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Chemical Exposure of our Military Personnel



Exposure to asbestos-containing material (ACM) that is dry and may be crumbled, pulverized, or reduced to powder by hand pressure can lead to asbestosis (scarring of the lung tissue), mesothelioma, and other forms of cancer; diseases that typically strike 20-30 years after exposure. (

Asbestos is the generic name for a group of minerals. The naturally occurring group of minerals has been used for over 2000 years because it has the ability to withstand fire and insulate against heat. Asbestos is used in over 3,600 commercial and industrial products because it is readily available, low in cost, nonflammable, strong, flexible, a good thermal and sound insulator, and resistant to chemical corrosion. ( Manufacturers have had scientific evidence of asbestos dangers since the 1940s but have been involved with cover-ups and industry deception. (

Its use greatly increased during World War II as the military used it for fireproofing and insulation. (Jack Mason Sr., Fort Wayne Journal Gazette Aug. 14, 2006)

Asbestos was sprayed on steel beams in buildings to prevent structural members from collapsing in case of fire. Asbestos cement products were used to enhance strength in siding and roofing shingles, wallboard, and pipes. Asbestos has also been added to asphalt, vinyl, and other materials to make products such as roofing felts, exterior siding, floor tile, joint compounds, and adhesives. Asbestos was also used as a thermal insulator on boilers and pipes and as a sound insulator in plaster. ( See Attachment A: List of Suspect Asbestos Containing Materials

In regards to dangerous levels of exposure to asbestos, construction workers are at the greatest risk. It is possible that the insulation, roofing, and walls of any building built before 1980 houses asbestos containing materials. Exposure to asbestos can occur when repairs, demolition, alteration or maintenance of a structure containing asbestos construction materials is performed. (

Asbestos is only harmful when its fibers become airborne and are inhaled or ingested. Once these fibers are inhaled or ingested, they may become trapped in the lungs or the digestive tract permanently, causing serious illness or disease such as lung cancer. (

If a construction worker is exposed to more than 0.1 fibers per cubic centimeter during an eight hour day or 1 fiber per cubic centimeter in a thirty minute period, they run the risk of developing asbestosis, mesothelioma, or other related cancers. Workers exposed to asbestos may not develop any symptoms for up to forty years. (

Lung cancer is the leading cause of death in asbestos-related injuries and illnesses. While smoking is the highest risk factor for lung cancer, frequent workplace or non-occupational exposure to high levels of asbestos is another leading cause of the disease. Studies have found that workers who are regularly exposed to asbestos increase their risk of lung cancer by seven to ten times that those in the general population. Additionally, smokers exposed to asbestos fibers are fifty times more likely to develop lung cancer than the general public, and are fifty to one-hundred times more likely to die from lung cancer. (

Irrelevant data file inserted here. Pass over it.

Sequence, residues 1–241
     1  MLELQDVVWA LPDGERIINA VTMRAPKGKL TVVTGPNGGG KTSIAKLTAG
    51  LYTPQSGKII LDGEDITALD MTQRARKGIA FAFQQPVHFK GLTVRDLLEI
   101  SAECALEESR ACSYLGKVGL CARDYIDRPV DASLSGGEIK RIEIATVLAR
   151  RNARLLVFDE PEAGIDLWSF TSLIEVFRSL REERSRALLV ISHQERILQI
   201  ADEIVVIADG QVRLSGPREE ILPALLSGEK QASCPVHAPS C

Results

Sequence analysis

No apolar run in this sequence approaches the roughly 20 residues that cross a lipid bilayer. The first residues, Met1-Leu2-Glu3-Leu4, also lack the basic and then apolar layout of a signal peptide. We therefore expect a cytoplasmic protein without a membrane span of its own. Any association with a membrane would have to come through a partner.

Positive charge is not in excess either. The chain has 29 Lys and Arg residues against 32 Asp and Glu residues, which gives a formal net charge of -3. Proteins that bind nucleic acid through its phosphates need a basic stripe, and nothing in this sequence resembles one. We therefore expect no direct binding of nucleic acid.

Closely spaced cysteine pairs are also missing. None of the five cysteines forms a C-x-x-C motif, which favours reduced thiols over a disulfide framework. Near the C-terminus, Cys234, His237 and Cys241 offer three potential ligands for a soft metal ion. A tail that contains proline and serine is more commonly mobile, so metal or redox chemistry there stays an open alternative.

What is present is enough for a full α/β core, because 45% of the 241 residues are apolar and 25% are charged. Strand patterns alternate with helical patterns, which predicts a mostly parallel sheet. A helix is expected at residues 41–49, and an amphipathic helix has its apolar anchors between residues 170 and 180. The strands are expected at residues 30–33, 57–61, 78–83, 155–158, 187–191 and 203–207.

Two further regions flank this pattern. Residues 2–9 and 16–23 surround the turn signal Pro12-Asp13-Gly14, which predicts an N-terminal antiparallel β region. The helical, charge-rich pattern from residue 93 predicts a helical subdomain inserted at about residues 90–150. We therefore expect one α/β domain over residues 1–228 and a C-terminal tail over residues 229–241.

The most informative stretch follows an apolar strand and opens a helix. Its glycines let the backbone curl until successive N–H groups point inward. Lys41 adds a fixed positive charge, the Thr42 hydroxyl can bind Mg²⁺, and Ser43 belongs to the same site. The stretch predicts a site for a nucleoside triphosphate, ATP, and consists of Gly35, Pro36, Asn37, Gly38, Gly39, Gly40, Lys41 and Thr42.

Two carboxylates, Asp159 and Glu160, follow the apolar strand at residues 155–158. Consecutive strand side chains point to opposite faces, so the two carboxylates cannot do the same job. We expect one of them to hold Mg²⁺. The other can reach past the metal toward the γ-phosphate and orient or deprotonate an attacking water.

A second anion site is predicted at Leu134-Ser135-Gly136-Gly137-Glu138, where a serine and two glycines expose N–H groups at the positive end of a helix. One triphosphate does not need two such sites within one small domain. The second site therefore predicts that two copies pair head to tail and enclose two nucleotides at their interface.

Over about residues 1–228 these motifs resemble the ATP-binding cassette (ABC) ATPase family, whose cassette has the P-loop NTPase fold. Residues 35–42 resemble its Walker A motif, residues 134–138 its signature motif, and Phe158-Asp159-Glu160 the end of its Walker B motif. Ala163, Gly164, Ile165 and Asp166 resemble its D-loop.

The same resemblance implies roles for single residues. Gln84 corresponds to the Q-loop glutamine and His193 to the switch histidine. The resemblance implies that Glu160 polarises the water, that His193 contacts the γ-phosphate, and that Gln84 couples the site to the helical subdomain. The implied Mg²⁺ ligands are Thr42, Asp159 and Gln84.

Lung cancer is difficult to diagnose early, spreads at a rapid rate, and is rarely cured. Lung cancer caused by asbestos exposure typically occurs at a younger age than other lung cancers and is most likely found in the lower lobes.



List of Suspect Asbestos Containing Materials (ACM)

[Note: The following list (compiled by EPA Region 6) is intended as a general guide to show which types of materials may contain asbestos. It does not include every product or material that contains asbestos.]

Acoustical Plaster

Base Flashing

Breaching Insulation

Cement Pipes



Electrical Panel Partitions

Fire Blankets

Fireproofing Materials

Heating and Electrical Ducts

Joint Compounds

Packing Materials

Roofing Shingles

Taping Compounds (thermal)

Vinyl Floor Tile



Blown-in Insulation


Cement Siding

Construction Mastics/Adhesives

Electric Wiring Insulation

Elevator Brake Shoes

Fire Curtains

Flexible Fabric Connections

High Temperature Gaskets

Laboratory Gloves

Pipe Insulation

Spackling Compounds

Textured Paints/Coatings

Vinyl Sheet Flooring Cooling Towers

Asphalt Floor Tile

Boiler Insulation

Ceiling Tiles and Lay-in Panels

Cement Wallboard

Decorative Plaster

Electrical Cloth

Elevator Equipment Panels

Fire Doors

Flooring Backing

HVAC Duct Insulation

Laboratory Hoods/Table Tops

Roofing Felt

Spray-Applied Insulation

Thermal Paper Products

Vinyl Wall Coverings